The feds are rooting around a horse farm up in Michigan, looking for Jimmy Hoffa. A Detroit TV station alleges the FBI got a tip from Donovan Wells, a 75-year-old convict at the Federal Medical Facility in Lexington, Kentucky. Wells has a 2012 release date he must not be figuring he'll make: He's probably hoping that a tip on Hoffa's body will be his get-out-of-jail-free card.
Wells says he remembers "suspicious activity" occurring at Hidden Dreams Farm at the time the former Teamster leader (and ex-con) disappeared.
So much for the story that Hoffa is under the end zone at Giants Stadium.
Personally, I always suspected Hoffa was dumped in the Allegheny, somewhere near the Strip where they filmed the movie about him. Why else would the filmmakers substitute Pittsburgh for Detroit? How expensive can it be to film in Detroit? Pittsburgh used to be a big union town. That's just too many coincidences.
Some call that kind of thinking good police work.
Anyway, the feds took a bunch of anthropologists and archaeologists with them. This seems appropriate, in that the disappearance of the now-legendary Hoffa is a piece of ancient history. With the possible exception of Hoffa's daughter, who really cares? The story is better as folklore. The FBI claims it is solving a "mystery." Funnily enough, though, there were a lot of guys in federal prison back in the '80s who were alleged to have had something to do with Hoffa's disappearance. Some were doing big time much bigger than the crimes they were actually charged with.
I bet when Anthony "Tony Pro" Provenzano died in prison in 1988, the government was sure they'd bagged their man. Provenzano was in the joint for another murder based on the testimony of the kid who used to drive him around. But Nunzio Provenzano used to tell his fellow cons that his brother Tony would never talk about business in front of a kid especially that kind of business.
Nunzi, by the way, did the better part of a decade for some financial irregularities, infractions that would have earned a shorter sentence for someone without a cloud of suspicion hanging over his head. Same goes for Ernie Palmeri, a friend of the Provenzanos and an official of a Teamster's union local in New Jersey. Ernie maxed out a nine-year sentence for getting preferential treatment from the bank where the union kept money. To put that in perspective, at about the same time, after a friend of mine got bagged in a sailboat in Key West with a ton-and-a-half of reefer, he served 20 months. Six of them were spent in a halfway house on Carson Street. I know New Jersey, the garbage business, the Teamsters it had to be racketeering and extortion. Right?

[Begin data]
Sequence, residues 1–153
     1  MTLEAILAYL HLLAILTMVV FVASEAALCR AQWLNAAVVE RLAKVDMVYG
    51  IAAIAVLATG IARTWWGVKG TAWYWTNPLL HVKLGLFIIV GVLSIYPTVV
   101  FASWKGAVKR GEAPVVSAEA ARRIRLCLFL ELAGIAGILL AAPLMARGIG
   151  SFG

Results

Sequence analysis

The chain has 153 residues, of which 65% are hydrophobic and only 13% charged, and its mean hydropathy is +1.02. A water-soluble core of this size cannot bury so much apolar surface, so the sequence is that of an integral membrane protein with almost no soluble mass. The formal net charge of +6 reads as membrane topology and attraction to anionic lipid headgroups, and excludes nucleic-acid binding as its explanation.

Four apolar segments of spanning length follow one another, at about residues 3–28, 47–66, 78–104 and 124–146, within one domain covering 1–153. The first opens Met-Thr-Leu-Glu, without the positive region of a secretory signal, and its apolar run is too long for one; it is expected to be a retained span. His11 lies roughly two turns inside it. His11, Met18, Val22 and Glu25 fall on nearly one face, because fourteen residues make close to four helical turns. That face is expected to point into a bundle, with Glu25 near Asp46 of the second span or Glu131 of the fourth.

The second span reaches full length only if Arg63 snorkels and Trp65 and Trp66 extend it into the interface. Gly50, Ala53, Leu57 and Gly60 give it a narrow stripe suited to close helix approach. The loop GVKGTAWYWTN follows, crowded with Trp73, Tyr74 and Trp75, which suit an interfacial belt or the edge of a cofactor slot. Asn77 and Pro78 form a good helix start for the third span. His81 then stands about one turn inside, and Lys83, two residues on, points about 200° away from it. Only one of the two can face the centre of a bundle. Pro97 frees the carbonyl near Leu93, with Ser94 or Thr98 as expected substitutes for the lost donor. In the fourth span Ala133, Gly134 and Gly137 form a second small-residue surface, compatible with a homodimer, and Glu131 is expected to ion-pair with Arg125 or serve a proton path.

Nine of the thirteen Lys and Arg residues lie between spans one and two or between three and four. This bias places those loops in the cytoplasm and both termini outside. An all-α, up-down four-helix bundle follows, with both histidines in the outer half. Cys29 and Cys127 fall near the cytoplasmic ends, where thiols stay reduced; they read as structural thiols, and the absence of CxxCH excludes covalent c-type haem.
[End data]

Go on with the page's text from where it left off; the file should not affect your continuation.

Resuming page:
I could give you more examples, but you get the point: Strong suspicion can get you as much time in prison as actual proof in court. Closer to home, New Kensington's own Geno Chiarelli is in the process of finishing up a 22-year sentence for a drug conspiracy that almost nobody believes he was involved with not even some cops and prosecutors. Of course, many of those people believe that Geno did do a lot of other things he got away with so they figure what happened to him is fair.
I can understand this line of thinking, even if I don't quite empathize with it. Play with fire and you get burnt. If you get away with a few things and think you're slick, never forget that the feds have something for you. They might play dumb, like with the Hoffa thing. (A mystery yeah, right.) But from a convict's point of view, they don't play fair.
The way we cons see it, if you're doing time, they should at least have to catch you fair and square. That means no bait-and-switch, giving you big time for some lesser charge. No violating the Constitution, no illegal wiretapping or warrant-less searches. We are the criminals, after all. The guys on the other side took oaths to stay righteous.
It's naïve, I know, but I think it explains some of the rampant recidivism. The winners always want to end the game. The losers are always crying "deal."